Five questions with Sharon Isbin, the ‘high priestess of the guitar,’ ahead of her Des Moines concerts

Sharon Isbin with Des Moines Symphony

Sept. 24, Des Moines Civic Center, 7:30 p.m.

Sharon Isbin with Des Moines Symphony

Sept. 25, Des Moines Civic Center, 2:30 p.m.

Sharon Isbin — J. Henry Fair

Sharon Isbin has been called “the pre-eminent guitarist of our time,” “finer even then Segovia,” and “the high priestess of the guitar” by news outlets across the world. The Minnesota native has received four Grammy nominations and two wins and has released 30 albums in her impressive classical guitar career. Working with composers and artists from all over the globe, Isbin is no stranger to the road.

Ahead of her performances at the Des Moines Civic Center, she answered five questions for Little Village about touring, collaborating with other composers, and the guitar’s role in classical music.

At 9 years old, you began your journey into classical guitar by studying it in Italy. Being a Midwest native yourself, what was the catalyst for deciding to go so far away?

My father, a professor at the University of Minnesota, was invited to consult for a scientific project in Italy, and moved our family there for his sabbatical year when I was 9. When we arrived, my older brother asked for guitar lessons. My parents were excited to discover that a student of Segovia’s was concertizing in Italy and commuting weekly from Milan to teach in our town. But my brother’s fantasy was to be the next Elvis, so he turned down the lessons! Out of family duty, and because it would surely be more exotic than continuing with piano, I volunteered to take his place.

Composer Chris Brubeck composed Affinity: Concerto for Guitar and Orchestra — which you’ll be performing in Des Moines — specifically for you. Tell us about that process.

Chris Brubeck, a brilliant jazz performer and composer, had been in touch some years before about writing a concerto for me. The opportunity finally presented itself when a patron of the arts heard a concert of mine and asked if she could commission a concerto for me. I thought of Chris immediately! Chris’ father, the great jazz pianist and composer Dave Brubeck, had recently passed, and to honor him, Chris orchestrated a beautiful ballad by Dave as the slow movement. I premiered the concerto in 2015 with the Maryland Symphony conducted by Elizabeth Schulze, and our world premiere recording was released in 2020 on my album titled Affinity, which also includes works from Cuba, Venezuela, China and Persia.

Chris Brubeck isn’t the only composer who has composed for you. Your 2020 album features music written for you from composers across the globe. When composers write for you, how collaborative is that process typically?

I’ve been honored to have over 80 works composed for me. Sometimes I propose a concept to the composer, as in the case of John Corigliano’s concerto inspired by 13th century French troubadours, Duarte’s Joan Baez Suite, or country fiddle player Mark O’Connor’s Strings & Threads Suite for Violin & Guitar. But often the composer has something specific in mind, as in Leo Brouwer’s El Decameron Negro inspired by African love stories, Tan Dun’s Seven Desires which draws from his country’s rich folk heritage of the ancient Chinese lute (pipa), or Chris Rouse’s concerto inspired by the phantasmagorical Spanish architecture of Gaudí.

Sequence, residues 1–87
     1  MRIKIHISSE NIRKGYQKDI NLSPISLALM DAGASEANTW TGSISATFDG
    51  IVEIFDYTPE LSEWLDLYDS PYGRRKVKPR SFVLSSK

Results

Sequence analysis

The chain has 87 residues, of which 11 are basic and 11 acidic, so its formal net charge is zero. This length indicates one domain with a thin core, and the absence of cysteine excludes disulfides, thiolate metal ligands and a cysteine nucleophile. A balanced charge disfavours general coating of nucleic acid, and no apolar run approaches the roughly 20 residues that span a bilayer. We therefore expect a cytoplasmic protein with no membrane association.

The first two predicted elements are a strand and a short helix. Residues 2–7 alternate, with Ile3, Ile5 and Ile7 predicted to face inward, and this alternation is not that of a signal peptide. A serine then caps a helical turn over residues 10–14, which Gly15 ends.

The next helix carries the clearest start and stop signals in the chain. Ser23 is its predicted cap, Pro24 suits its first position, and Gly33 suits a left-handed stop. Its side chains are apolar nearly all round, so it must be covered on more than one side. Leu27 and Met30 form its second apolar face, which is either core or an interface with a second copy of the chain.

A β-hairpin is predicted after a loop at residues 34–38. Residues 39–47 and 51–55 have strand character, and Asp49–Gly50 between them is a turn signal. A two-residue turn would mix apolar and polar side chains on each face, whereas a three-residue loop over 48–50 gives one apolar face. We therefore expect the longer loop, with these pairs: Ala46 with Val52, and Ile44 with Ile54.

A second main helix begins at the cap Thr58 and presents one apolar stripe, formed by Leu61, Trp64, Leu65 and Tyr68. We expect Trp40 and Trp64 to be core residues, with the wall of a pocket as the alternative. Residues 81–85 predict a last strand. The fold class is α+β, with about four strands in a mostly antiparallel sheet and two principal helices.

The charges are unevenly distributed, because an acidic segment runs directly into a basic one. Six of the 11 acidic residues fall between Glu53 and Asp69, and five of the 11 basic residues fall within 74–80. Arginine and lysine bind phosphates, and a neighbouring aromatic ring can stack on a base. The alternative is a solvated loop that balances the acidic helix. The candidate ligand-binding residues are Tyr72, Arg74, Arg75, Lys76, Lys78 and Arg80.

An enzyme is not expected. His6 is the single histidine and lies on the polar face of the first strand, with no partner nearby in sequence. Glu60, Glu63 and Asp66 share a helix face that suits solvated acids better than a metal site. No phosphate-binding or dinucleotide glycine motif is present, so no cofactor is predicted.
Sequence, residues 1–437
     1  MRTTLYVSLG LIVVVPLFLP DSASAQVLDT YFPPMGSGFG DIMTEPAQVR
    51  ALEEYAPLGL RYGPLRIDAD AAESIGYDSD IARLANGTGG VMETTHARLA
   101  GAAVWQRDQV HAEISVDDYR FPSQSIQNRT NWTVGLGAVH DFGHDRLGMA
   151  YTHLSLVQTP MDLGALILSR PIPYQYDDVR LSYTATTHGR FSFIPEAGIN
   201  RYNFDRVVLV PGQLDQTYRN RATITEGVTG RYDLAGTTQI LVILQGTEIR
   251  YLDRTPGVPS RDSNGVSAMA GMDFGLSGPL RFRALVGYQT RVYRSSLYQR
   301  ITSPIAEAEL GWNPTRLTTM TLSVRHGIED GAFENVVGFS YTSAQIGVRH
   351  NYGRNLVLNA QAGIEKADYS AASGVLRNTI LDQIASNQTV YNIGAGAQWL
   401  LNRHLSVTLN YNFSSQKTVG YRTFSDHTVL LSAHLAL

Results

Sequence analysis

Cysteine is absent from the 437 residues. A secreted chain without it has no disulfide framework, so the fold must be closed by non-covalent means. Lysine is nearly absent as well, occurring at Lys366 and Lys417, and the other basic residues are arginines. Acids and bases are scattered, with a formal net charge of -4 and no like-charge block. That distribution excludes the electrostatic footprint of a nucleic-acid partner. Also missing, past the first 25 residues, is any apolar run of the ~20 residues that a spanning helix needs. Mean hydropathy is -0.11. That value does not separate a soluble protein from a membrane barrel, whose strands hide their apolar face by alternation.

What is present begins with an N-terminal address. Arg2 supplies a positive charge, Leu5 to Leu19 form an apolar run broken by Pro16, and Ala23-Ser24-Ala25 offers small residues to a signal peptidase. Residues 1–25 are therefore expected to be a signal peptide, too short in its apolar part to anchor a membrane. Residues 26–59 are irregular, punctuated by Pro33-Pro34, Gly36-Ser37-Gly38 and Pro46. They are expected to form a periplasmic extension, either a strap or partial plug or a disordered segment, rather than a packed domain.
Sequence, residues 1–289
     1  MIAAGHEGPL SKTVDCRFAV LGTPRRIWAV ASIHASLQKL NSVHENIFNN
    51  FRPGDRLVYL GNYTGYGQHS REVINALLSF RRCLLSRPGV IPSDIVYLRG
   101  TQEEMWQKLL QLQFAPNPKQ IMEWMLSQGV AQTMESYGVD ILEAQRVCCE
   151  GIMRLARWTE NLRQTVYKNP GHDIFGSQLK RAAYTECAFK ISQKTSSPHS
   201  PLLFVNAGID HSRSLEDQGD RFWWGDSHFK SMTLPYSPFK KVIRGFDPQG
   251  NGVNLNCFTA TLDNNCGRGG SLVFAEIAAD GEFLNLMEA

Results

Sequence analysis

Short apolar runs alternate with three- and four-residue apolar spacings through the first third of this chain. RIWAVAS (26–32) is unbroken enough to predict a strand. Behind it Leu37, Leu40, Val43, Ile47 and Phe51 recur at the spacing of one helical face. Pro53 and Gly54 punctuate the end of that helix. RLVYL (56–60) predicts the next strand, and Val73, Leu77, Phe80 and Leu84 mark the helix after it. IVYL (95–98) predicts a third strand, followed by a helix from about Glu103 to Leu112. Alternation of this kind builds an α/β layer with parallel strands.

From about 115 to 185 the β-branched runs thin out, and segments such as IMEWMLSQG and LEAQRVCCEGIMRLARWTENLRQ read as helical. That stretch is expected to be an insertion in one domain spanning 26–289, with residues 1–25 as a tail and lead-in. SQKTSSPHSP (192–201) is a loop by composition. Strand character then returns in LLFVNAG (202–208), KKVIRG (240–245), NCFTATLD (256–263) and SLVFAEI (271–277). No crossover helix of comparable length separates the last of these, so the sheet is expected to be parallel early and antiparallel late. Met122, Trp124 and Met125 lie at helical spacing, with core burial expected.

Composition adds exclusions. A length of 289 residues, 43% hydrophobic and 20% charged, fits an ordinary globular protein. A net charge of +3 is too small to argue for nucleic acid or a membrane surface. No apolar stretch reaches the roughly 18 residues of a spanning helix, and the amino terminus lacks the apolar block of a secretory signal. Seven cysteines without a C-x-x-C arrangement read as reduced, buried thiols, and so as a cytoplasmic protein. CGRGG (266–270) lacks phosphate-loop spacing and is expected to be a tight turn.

Touring has brought you all over the world. Can you tell us one of your favorite tour stories?

A dozen years ago, India’s legendary sarod virtuoso, Amjad Ali Khan, wrote to me inquiring about collaborating. He wanted to write something we could play together for guitar and sarod. We met and a wonderful friendship developed with him and his two sons, Amaan and Ayaan Ali Bangash, also brilliant sarod virtuosos. I suggested they find someone skilled in both North Indian classical music and classical guitar who could notate the music he had in mind. But as the years passed with no music, I was convinced the project wouldn’t happen.

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Then one day in November 2018, my inbox filled with ragas Amjad had composed, beautifully arranged for guitar, sarod and tabla! The music was gorgeous! Ayaan was delighted to hear that I liked it because he said they had already booked a tour for me to do throughout India with them in two months, including Delhi, Kolkata and Mumbai! He said delaying wouldn’t be possible, so I moved mountains, canceled other engagements, all to make this happen. The few days together in India before the tour was a total immersion for me, learning details of interpretation and embellishment. What an amazingly inspiring experience! Excited by the results, we then made an album two months after the tour, Strings for Peace, which was released in 2020 and became a bestseller on World Music Charts.

You’ve said in other interviews that guitar is relatively new in the world of classical music. How does the stylistic versatility of the guitar advance our understanding of what “counts” as classical music?

The guitar is an instrument with deep roots in folk, rock, jazz, Latin, bluegrass and pop styles, which makes it possible to successfully collaborate in many genres, if one is adventurous and creative. Performing and recording with artists as diverse as Steve Vai, Heart’s Nancy Wilson, Joan Baez, the Khans and many more has opened up my world in awesome ways!